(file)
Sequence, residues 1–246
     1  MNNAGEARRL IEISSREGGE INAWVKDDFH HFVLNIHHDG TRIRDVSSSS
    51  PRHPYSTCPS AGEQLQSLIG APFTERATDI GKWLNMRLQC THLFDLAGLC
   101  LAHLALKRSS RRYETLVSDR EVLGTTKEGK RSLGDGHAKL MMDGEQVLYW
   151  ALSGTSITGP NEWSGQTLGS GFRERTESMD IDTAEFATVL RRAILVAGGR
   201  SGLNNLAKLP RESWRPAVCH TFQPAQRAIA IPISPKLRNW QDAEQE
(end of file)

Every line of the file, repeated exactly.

Sequence, residues 1–246
     1  MNNAGEARRL IEISSREGGE INAWVKDDFH HFVLNIHHDG TRIRDVSSSS
    51  PRHPYSTCPS AGEQLQSLIG APFTERATDI GKWLNMRLQC THLFDLAGLC
   101  LAHLALKRSS RRYETLVSDR EVLGTTKEGK RSLGDGHAKL MMDGEQVLYW
   151  ALSGTSITGP NEWSGQTLGS GFRERTESMD IDTAEFATVL RRAILVAGGR
   201  SGLNNLAKLP RESWRPAVCH TFQPAQRAIA IPISPKLRNW QDAEQE